The technical sophistication of Edgar Wright’s artistry reaches new heights with the heist-cum-musical Baby Driver, which fully weds the filmmaker’s signature flair for rapid but precise editing patterns with his propensity for carefully chosen soundtracks. As robbers carry out a bank job in the opening scene, the camera stays with wheelman Baby (Ansel Elgort) as he listens to the Jon Spencer Blues Explosion’s “Bellbottoms,” swaying to the melody and even popping the windshield wipers on the downbeats. The camera moves with Baby’s taps and grooves, with the cuts likewise timed on the song’s twos and fours, so as to add kinetic energy to images of the driver simply waiting for his crew to leave the bank. In the ensuing chase, this synthesis of on-screen movement, editing, and musical timing coalesces into a balletic tour de force, complete with wry visual gags like Baby hiding among cars of a similar color and make on the highway so as to dupe a police helicopter.
Compared to the grid layout of so many metropolises, Atlanta’s streets were constructed around largely defunct railroad lines, leaving thickets of curved and angular intersections and dead ends, all hemmed in by four intersecting interstates that, when viewed on a map, look suspiciously like the anarchy symbol. Making a car-chase movie in the bottleneck capital of the United States is like crafting a submarine thriller in Lake Tahoe: theoretically possible but so fundamentally constrained as to be absurd. Wright uses this to his advantage, however, structuring his chases around necessary drifts and sharp turns that better fit the soundtrack’s beats. As in the Toronto-set Scott Pilgrim vs. the World, the director takes a tax-break shooting location on its own terms, exploring the idiosyncrasies of a city’s unique construction.
The gnarled schematic of Atlanta’s streets leads to vehicular interactions between Baby, cop cars, and civilian obstacles that play out as delicate dances more than wanton carnage. Each major sequence in Baby Driver has a distinct sense of choreography to match the disparate styles of the soundtrack’s songs, which range from the Damned’s caterwauling punk to the anthemic roar of Golden Earring’s “Radar Love.” The prevalence of the songs is justified by Baby’s long-standing tinnitus affliction, a scar of a tragic childhood accident that’s clouded his head in more ways than one.
The technical sophistication of Edgar Wright’s artistry reaches new heights with this heist-cum-musical.
Wright’s generosity with actors is often undervalued. Elgort, in what should be star-making performance, doesn’t use Baby’s musical self-therapy as a stylistic crutch, but rather adds shades to a character type that skews toward dour hollowness, bringing context to Baby’s taciturn nature. The actor also gives the character a warm, polite side that further distances him from the likes of Ryan Gosling’s stultifyingly self-serious protagonist from Drive. When Baby falls for a diner waitress named Debora (Lily James), his awkward, intermittently smooth flirtations are genuinely charming.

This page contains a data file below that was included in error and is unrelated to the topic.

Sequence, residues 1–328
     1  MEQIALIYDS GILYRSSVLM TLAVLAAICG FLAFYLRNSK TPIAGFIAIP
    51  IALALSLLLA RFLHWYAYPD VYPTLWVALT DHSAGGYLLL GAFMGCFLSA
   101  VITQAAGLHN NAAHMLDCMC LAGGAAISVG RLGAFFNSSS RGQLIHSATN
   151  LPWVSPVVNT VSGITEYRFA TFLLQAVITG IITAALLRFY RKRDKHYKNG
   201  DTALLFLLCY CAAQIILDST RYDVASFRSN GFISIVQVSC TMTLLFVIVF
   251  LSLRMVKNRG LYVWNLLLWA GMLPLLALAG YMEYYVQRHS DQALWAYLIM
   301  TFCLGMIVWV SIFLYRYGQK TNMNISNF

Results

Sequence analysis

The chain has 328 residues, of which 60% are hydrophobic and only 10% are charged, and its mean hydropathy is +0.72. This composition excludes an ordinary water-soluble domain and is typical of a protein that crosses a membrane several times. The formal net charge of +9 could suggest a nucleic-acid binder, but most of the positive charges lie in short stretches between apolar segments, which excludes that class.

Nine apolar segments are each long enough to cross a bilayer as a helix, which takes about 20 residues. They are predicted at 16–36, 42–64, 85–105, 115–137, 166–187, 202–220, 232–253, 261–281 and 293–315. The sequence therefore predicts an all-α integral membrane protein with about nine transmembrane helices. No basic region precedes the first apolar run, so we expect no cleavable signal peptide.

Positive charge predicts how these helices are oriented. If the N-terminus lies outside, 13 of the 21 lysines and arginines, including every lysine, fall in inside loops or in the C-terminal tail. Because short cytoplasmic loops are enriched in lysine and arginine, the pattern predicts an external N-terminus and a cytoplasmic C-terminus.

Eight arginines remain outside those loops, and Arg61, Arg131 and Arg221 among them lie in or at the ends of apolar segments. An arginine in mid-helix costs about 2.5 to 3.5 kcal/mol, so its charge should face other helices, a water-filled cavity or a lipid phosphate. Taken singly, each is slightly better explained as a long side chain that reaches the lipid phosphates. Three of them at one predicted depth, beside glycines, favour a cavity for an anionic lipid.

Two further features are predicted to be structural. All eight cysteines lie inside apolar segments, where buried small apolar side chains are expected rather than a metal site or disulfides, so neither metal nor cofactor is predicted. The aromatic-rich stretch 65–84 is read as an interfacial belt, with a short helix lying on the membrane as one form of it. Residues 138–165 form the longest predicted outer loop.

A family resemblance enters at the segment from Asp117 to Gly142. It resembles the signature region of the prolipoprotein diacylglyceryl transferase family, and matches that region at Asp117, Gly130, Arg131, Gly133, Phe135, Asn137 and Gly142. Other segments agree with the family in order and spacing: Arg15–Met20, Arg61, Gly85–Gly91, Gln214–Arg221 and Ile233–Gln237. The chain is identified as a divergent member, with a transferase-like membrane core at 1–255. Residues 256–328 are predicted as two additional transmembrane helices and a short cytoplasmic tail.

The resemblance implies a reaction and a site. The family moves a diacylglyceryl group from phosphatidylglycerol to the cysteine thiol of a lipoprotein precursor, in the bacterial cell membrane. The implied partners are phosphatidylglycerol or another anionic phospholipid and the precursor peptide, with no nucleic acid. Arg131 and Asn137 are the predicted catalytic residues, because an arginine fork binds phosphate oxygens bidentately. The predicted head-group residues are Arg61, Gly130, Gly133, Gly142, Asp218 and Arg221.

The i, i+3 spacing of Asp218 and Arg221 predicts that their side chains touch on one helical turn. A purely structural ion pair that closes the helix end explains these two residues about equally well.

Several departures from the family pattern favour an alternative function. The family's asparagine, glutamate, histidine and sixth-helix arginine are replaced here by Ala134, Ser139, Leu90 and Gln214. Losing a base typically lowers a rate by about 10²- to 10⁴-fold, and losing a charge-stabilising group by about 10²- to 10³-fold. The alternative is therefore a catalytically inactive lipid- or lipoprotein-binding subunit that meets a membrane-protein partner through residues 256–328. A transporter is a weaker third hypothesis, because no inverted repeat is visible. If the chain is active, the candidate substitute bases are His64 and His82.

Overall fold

The rest of the cast acquits themselves equally well. James plays Debora with such an old-school spark of cheerfully hokey innocence that, when paired with her server outfit, makes the character look like she moved to Atlanta after working the Double R Diner in Twin Peaks. Criminal ringleader Doc (Kevin Spacey) is a calm professional who never asks questions that aren’t rhetorical and never fails to remind anyone that his orders are backed up with vague allusions to consequences for failure. Spacey drawls over Doc’s curt shutdowns of any backtalk from his crews, reserving his most acidic insinuations for Baby, who is, true to template, hoping to get out of this hard life. Most surprising, though, is Bats (Jamie Foxx), the requisite psychopath among the robbers. Bats delights in mayhem, but Foxx deepens this two-dimensional type with glimpses of the man’s shrewd calculation and ability to read people. In the end, Bats frequently unsettles his colleagues less for his trigger finger than his cutting, accurate psychological jabs.
Such subtle but complicating tweaks of genre formula orient Baby Driver less around Wright’s considerable aesthetic flash and more onto small insights of character-based drama. Consider Buddy (Jon Hamm), a robber whose chummy interactions give him an affability that cracks when anyone so much as looks funny at his wife, Darling (Eiza González), his warm smiles freezing in the blink of an eye and lending his veneer of friendliness an unsettling rage even scarier than Bats’s more consistent violence. There are also moments of almost unbearably genuine tenderness, most visible in the interactions between Baby and his deaf foster father, Joseph (CJ Jones), whose admonishments against Baby’s profession are softened by looks of knowing sympathy and unconditional love for the boy.
With its music-dependent protagonist blasting away the physical reminder of childhood trauma, Baby Driver literalizes Wright’s fascination with people’s emotional overreliance on pop culture as a cover for arrested development. Yet the film approaches the theme from a different angle, presenting in Baby not a stunted man-child, but a boy forced to grow up too soon, who’s on a quest for innocence rather than one to shed it. This flipped dynamic stresses the film’s scenes of softer introspection, as evidenced by the equal prominence of gentle soundtrack choices like the gossamer filigrees of Dave Brubeck’s “Unsquare Dance” alongside heart-pumping jams. Befitting a director so preoccupied with the necessity to grow while never losing sight of one’s benign obsessions, Wright continues to hone his skills. He’s no longer the idol-aping synthesist of the VCR Generation. Now, he looks increasingly like the most original action filmmaker of his generation.